Whitehorse weighing move to multi-barrier drinking water treatment

Whitehorse currently withdraws and chlorinates all of its drinking water from the Selkirk Aquifer’s seven production wells. Photo credit: Scalia Media stock.adobe.com

The City of Whitehorse’s water experts say additional treatment processes and disinfection are necessary for their drinking water as its quality has slowly degraded due to the influence of surface water over time.

But the upgrade is estimated to cost $39 million and Whitehorse has no funding in place for the project, which would need to be undertaken within the next five years, prior to the renewal of the city’s water licence.

The city currently withdraws and chlorinates all of its drinking water from the Selkirk Aquifer’s seven production wells. Currently, the city is only equipped to treat and distribute groundwater.

“Over the past few years, the city has detected changes in the quality of the ground water source. The changes observed indicate that the Selkirk Aquifer is likely under the influence of groundwater (GUDI) [groundwater under the direct influence of surface water],” states a new staff report.

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Based on regulations under the Yukon’s Public Health and Safety Act, if a drinking water source is in contact with groundwater, then additional treatment processes, as well as disinfection, are required.

“The risk of not proceeding with the project could adversely impact the ability of the City to provide safe and quality drinking water to its customers,” continues the staff report. “Boil water advisories could become prevalent and trying to implement a rushed solution would be costlier and challenging than implementing a proactive solution.”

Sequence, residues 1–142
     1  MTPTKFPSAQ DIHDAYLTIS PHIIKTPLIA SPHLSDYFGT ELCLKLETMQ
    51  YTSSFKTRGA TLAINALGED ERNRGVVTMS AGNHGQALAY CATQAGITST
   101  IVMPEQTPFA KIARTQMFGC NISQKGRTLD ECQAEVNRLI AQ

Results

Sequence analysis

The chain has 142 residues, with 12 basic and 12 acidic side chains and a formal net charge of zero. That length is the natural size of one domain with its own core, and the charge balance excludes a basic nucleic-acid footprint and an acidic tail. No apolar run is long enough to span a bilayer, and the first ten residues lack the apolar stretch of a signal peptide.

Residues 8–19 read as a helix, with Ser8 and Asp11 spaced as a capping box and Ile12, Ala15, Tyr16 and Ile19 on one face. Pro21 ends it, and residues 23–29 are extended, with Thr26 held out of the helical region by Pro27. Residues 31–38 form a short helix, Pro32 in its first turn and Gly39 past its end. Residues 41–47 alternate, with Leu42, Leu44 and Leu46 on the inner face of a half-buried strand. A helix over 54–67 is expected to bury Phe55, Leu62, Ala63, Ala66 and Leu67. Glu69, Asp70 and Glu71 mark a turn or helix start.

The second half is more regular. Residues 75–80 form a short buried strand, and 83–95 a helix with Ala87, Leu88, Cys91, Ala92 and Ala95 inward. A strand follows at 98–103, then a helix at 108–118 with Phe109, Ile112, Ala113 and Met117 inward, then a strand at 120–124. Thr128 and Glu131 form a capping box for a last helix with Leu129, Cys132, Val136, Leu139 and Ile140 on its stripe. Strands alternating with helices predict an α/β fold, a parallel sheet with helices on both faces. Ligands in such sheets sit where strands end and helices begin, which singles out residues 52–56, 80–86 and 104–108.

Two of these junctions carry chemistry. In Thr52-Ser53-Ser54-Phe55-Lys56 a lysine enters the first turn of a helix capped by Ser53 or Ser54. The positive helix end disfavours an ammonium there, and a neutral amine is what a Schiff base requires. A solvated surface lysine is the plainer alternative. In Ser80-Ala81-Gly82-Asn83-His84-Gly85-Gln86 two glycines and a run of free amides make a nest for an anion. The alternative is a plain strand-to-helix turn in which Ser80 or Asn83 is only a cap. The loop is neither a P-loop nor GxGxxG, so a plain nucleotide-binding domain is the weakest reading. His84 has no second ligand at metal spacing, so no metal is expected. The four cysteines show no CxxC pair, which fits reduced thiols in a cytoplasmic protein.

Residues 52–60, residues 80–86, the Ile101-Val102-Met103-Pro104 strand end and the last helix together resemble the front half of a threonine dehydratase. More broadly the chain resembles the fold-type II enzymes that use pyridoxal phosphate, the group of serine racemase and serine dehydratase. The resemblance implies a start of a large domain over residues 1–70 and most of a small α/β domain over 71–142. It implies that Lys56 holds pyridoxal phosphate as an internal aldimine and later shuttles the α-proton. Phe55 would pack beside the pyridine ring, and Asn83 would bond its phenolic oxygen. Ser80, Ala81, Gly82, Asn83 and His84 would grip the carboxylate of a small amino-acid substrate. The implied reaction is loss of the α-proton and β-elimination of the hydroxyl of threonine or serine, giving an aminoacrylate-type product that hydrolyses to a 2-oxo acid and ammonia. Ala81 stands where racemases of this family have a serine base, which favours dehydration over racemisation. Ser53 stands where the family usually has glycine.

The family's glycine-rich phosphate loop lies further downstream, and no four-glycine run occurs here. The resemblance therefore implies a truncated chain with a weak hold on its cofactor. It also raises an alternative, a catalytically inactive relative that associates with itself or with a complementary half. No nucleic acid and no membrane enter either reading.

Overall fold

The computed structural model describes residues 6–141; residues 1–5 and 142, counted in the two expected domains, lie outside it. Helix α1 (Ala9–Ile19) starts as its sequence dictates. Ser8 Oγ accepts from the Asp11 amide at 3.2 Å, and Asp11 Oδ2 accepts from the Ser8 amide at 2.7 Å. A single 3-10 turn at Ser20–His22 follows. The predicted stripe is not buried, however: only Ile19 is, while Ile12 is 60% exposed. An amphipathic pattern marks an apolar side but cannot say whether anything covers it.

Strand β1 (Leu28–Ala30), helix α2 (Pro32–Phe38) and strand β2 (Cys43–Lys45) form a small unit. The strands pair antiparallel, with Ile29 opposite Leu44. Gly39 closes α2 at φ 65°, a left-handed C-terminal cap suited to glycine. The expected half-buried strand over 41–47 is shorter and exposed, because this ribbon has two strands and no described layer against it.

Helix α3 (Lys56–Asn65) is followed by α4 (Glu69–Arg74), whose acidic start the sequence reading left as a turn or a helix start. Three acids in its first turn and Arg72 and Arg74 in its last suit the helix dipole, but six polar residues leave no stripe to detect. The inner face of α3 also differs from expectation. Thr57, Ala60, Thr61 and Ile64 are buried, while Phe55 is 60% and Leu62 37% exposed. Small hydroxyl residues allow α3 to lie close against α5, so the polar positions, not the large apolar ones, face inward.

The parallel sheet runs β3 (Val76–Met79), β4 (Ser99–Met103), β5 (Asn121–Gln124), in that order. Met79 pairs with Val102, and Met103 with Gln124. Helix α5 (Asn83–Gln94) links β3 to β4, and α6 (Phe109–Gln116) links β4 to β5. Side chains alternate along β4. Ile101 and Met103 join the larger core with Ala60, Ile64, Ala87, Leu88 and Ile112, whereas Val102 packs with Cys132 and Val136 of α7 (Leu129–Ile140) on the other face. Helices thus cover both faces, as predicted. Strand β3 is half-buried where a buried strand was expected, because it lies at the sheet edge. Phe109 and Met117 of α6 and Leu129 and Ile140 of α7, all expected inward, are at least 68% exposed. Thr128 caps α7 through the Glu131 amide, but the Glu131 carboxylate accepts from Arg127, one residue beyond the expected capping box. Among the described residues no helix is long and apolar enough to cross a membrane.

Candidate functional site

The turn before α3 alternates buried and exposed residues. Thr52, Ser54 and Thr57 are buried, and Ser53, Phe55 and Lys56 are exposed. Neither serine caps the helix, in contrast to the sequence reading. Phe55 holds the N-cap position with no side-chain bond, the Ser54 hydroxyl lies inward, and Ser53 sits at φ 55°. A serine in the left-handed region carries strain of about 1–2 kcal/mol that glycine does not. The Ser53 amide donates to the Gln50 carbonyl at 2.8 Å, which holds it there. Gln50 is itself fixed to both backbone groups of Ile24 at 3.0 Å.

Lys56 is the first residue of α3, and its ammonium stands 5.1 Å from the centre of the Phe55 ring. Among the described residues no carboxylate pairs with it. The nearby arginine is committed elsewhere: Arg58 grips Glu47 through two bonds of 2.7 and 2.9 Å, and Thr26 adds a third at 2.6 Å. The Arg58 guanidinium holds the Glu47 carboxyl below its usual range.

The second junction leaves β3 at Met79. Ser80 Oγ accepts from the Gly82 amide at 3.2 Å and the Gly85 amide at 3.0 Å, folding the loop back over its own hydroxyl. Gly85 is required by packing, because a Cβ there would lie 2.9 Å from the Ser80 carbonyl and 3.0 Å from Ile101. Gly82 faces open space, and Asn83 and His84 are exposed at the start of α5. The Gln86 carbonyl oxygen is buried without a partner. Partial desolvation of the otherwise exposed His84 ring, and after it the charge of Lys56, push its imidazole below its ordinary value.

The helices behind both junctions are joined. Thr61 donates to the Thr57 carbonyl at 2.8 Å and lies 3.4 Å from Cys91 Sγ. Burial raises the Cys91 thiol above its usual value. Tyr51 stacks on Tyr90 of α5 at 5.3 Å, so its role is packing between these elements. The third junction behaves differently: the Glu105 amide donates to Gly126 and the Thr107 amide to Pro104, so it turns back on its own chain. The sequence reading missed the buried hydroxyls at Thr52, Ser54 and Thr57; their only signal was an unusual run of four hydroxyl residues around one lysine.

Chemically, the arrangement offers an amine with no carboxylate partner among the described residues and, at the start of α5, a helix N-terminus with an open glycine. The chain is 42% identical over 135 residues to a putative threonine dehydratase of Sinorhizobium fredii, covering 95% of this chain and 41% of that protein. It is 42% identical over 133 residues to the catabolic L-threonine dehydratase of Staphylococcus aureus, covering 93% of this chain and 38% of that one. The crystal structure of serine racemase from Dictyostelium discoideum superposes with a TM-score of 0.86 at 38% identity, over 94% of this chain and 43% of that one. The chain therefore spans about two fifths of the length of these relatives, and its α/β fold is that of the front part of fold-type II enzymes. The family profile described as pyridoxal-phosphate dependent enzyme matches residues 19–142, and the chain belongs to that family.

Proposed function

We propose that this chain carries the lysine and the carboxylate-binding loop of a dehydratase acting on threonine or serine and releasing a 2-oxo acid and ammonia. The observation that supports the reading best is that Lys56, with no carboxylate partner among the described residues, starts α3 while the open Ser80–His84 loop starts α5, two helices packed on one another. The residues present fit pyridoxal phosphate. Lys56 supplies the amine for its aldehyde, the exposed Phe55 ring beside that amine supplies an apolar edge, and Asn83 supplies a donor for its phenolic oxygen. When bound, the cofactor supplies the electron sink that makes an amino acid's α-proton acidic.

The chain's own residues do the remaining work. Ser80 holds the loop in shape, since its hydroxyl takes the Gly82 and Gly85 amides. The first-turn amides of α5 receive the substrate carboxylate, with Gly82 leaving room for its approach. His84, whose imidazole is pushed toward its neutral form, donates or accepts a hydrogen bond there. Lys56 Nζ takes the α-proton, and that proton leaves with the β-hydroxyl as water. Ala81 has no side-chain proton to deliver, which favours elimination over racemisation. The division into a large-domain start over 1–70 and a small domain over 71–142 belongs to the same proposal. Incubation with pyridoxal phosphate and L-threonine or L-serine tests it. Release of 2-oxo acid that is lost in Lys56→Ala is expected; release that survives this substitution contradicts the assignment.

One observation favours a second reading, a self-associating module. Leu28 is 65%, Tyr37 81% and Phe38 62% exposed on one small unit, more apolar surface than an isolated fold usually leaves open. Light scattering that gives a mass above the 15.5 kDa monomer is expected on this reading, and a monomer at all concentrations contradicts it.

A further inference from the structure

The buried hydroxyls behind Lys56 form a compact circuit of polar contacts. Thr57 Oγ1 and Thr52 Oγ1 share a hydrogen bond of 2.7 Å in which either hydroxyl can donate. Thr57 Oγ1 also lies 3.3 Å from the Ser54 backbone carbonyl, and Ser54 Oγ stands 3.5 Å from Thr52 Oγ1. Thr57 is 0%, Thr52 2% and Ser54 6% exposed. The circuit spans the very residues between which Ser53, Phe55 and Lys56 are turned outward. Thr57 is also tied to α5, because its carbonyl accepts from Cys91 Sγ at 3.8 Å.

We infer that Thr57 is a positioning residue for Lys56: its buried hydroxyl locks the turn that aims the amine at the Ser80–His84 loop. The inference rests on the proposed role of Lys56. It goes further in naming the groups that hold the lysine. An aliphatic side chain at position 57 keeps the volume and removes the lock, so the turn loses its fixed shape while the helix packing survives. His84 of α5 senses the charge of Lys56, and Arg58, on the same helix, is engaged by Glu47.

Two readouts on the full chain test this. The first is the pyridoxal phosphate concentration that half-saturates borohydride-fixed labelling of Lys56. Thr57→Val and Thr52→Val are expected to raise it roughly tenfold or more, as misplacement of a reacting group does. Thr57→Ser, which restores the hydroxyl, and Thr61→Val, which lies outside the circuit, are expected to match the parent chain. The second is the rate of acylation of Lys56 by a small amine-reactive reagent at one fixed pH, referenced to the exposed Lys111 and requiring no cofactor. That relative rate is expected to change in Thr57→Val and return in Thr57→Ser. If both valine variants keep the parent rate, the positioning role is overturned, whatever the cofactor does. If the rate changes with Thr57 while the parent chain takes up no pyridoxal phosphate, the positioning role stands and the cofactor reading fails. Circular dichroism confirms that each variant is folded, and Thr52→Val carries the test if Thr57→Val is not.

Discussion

Council had a number of questions for city staff about the recency and certainty of “live hit” findings of contamination. They wondered if more research should be completed to confirm the need for additional treatment barriers.

Mike Firlotte, the city’s water and wastewater services manager, told council that the husk of a Giardia cell was found in 2018, but may not be related to surface water contamination. The groundwater could also be experiencing different pH, ions, or metals due to contact with surface water, he said.

“We see a fingerprint of groundwater and we see a fingerprint of surface water, and when we see that blending that means there could be evidence of infiltration,” Firlotte told council.

In 2022, Whitehorse staff completed a pre-design report to identify potential upgrades to the current groundwater treatment system at the Selkirk Pumphouse. A multi-barrier treatment system was recommended.

A staff report before the City’s Corporate Services Committee states that completion of the recommended upgrades would provide the ability to withdraw water from both the Selkirk Aquifer and Schwatka Lake, allowing the City of Whitehorse to have a “robust supply of drinking water.”

City staff said they “simplified” their recommendations based on current regulations. For instance, they are now suggesting a level two instead of level four Environmental Operators Certification for the plant. The system would be easier to operate, and simplify the hiring process for operators. Also, existing city operators with level one certification would transition more easily into the required level two for the upgraded treatment plant, the staff report stated.

The additional treatment processes would also raise annual operation and maintenance costs by $1.2 million over the current $2.1 million, and a rate increase would be required once the facility is in operation. The current design budget for the new treatment is $2 million and funding has been approved for design.

Whitehorse city staff has been asked to come back to council and provide additional information about some of the potential risks to the current system in place.

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